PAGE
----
The contractor has no contractual obligation to provide you with a quotation for a task order and you have no powers to issue an instruction for it to do so. The contractor therefore has no obligation to obey that instruction, see clause 27.3. As service manager you issue task orders that include a priced list of items (see clauses X19.1(2) and X19.2). You are required to ‘consult’ with the contractor before you issue a task order (X19.2), but that does not give you the power to instruct a quotation.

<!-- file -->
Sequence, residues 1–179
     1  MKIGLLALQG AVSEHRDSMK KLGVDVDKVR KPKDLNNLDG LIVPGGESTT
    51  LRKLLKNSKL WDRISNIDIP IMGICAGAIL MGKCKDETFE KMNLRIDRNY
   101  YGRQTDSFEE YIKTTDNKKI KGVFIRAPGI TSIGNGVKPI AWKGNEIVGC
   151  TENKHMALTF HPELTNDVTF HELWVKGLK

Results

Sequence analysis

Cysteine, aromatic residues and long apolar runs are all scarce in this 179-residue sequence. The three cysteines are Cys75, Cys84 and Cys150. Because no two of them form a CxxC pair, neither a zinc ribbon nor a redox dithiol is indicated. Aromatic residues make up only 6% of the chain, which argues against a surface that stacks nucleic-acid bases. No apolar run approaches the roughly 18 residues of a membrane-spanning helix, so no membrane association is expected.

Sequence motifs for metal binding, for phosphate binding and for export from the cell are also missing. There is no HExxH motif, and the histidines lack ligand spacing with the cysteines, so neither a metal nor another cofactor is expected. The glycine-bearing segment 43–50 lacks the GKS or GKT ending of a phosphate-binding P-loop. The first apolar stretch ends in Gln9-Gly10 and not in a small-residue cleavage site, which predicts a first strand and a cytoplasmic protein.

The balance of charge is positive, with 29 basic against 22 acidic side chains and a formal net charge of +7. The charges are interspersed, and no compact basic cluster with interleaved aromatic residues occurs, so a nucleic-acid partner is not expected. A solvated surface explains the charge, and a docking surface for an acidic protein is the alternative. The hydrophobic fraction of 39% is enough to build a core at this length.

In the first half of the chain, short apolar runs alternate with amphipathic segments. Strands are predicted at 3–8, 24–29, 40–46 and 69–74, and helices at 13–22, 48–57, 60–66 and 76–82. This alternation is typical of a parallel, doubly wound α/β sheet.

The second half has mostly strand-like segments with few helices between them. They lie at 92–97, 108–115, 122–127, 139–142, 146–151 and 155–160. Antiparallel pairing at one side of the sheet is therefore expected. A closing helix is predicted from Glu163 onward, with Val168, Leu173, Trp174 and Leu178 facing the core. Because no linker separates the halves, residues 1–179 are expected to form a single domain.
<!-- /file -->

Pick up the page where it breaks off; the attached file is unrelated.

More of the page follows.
A defect is a defined term, see clause 11.2(4). Not obeying an instruction does not fall within that definition and therefore is not a defect.
It will often make sense for you to give the contractor the opportunity to produce a priced list of items for the task, but they are not obliged to and you cannot force them to. Instead you should issue the task order under clauses X19.1(1) and X19.2 with what you think the prices will be. The contractor is then be obliged to put your instruction into effect, again see clause 27.3. The contractor may be able to argue afterwards about the prices but, if you do not agree, the contractor will have to ask the adjudicator to sort it out.